I love my Skechers with the big thick soles (lace up)--got them on sale at Dillards. Naturalizers and Danskos are both very comfy, and I bought some clogs from Keen that are FABULOUS. And Born (with the Swedish O) are also really really comfy. I have found excellent Dr. Scholl's too at Walmart(!)--hence inexpensive--that are very comfortable and supportive.

If your shoes slip off the heel I have found help at a shoe department buying some little stick in shapes that fit into the heel area at the top of your shoe that fill in that gap with a little soft "grabber" that helps them stay on my foot. Plus, I always buy those triangle shaped gel things to put under the ball of my foot to add comfort. You can buy them in Target/Walmart where the shoe accessories are and they provide a lot of extra comfort too. Whew..lots of advice. But there are a lot of things to help.
I too, have a hard time spending a lot of money on shoes, but have found that it is worth it in comfort and durability. I have found it just best to watch for clearance sales. I have to agree with everyone who shops at I have bought some great shoes from that site, Clarks, and ECCO. Another good site is They have really good shoes where all of the shoes are supposed to be good for you feet. You can even shop b your condition. Some of the shoes can be a bit expensive, but if you look at the clearance stuff, like I do,you can find some really good deals on good, well constructed, long lasting, professional shoes.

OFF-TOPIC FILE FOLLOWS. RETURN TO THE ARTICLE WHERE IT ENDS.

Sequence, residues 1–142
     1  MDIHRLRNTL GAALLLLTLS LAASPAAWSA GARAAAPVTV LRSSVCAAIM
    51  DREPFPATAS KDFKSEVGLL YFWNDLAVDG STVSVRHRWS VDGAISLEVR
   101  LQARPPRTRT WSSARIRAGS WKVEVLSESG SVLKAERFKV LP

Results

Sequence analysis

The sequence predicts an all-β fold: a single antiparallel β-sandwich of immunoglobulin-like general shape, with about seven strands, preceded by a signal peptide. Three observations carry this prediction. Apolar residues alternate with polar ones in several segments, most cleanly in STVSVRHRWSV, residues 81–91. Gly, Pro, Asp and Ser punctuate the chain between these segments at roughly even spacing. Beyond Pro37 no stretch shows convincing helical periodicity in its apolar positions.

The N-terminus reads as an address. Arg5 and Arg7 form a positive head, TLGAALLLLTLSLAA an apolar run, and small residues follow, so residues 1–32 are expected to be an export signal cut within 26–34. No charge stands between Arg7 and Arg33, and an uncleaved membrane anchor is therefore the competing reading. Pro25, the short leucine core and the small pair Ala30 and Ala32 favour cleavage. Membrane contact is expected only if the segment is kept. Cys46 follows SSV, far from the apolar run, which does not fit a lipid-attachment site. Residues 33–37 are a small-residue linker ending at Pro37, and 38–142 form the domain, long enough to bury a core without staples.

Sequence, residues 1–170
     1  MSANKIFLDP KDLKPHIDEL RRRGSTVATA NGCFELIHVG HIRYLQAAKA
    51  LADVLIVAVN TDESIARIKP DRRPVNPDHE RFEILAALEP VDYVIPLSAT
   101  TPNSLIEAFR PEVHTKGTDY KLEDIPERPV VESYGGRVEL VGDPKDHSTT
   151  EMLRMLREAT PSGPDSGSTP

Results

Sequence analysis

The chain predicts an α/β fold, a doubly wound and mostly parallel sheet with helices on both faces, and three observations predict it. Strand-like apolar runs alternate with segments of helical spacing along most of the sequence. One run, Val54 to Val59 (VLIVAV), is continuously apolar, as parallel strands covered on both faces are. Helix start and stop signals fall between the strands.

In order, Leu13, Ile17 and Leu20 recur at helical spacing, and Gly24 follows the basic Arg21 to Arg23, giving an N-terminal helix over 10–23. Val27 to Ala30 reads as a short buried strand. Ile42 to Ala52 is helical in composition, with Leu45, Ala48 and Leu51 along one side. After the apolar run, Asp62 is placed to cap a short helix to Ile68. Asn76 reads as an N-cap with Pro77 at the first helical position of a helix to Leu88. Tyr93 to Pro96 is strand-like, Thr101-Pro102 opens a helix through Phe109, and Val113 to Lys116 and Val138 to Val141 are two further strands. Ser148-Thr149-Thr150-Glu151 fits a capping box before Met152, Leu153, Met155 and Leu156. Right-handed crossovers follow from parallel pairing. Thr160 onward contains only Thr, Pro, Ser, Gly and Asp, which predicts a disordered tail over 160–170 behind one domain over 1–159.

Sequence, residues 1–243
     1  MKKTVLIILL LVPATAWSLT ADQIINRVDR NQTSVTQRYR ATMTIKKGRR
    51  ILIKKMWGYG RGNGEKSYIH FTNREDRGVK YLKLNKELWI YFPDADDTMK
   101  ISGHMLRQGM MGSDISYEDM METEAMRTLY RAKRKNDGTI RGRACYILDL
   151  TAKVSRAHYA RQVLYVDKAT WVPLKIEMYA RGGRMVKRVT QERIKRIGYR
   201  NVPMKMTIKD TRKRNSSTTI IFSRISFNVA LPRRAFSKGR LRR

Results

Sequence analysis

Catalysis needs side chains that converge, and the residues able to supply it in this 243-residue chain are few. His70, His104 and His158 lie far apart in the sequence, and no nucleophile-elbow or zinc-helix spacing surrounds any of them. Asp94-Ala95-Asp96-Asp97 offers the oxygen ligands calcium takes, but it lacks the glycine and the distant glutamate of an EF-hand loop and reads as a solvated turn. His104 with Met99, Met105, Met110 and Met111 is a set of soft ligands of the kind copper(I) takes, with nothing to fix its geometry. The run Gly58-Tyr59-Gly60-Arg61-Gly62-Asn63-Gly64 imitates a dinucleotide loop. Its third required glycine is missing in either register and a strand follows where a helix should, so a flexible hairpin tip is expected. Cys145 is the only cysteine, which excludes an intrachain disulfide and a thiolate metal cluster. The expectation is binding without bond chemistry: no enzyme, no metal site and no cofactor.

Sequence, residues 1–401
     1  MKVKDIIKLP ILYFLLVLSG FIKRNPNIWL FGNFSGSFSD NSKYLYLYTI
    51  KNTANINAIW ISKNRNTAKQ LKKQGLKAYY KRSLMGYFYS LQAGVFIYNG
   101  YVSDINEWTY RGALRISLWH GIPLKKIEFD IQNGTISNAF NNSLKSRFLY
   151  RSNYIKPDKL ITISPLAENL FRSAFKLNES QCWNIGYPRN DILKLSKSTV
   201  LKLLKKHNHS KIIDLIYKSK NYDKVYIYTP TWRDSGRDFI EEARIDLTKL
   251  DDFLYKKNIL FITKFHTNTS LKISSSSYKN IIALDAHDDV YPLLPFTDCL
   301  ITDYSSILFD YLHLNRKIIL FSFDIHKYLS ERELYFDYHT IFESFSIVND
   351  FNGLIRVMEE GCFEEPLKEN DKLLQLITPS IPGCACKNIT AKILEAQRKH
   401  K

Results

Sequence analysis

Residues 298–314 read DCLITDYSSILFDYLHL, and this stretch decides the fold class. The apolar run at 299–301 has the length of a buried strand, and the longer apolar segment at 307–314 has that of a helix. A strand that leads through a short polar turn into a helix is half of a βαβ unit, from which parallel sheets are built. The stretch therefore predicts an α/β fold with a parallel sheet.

But they are leather, mostly, so of you are against that... I'm sorry. I can't help you :)
Kristeee said…
Eddie Bauer's petite sizes are wonderful. I think it's dumb, however, that they don't have the sizes in stores.

I had to work on my husband to get him to get more expensive shoes - but even though it costs more up front, it costs less in back and foot pain. I have a hard time with buying shoes online because my arches are weird, I guess. The top of the arch in a lot of shoes hits mine wrong and it gives me nasty headaches. Weird, I know.

Clark, Naturalizer, and basically all European shoes (excepting Docs, which are heavy to wear) are super comfy and last forever.

Good luck! In the meantime, you could just sit on the desk to teach instead.
Christian said…
I don't have any advice about where to buy shoes, but the one thing I will say is that shoes are the most important clothing to spend money on. Others have mentioned it, but buying quality shoes (which often requires spending more money) is essential for foot, leg, and back health.
Rochelle said…
I couldn't agree with you more! I hate shopping for shoes and clothes... and I too have a set limit as to how much I will spend on anything. I enjoy reading your blog! You are such a fantastic writer. I wish I could be so talented! :)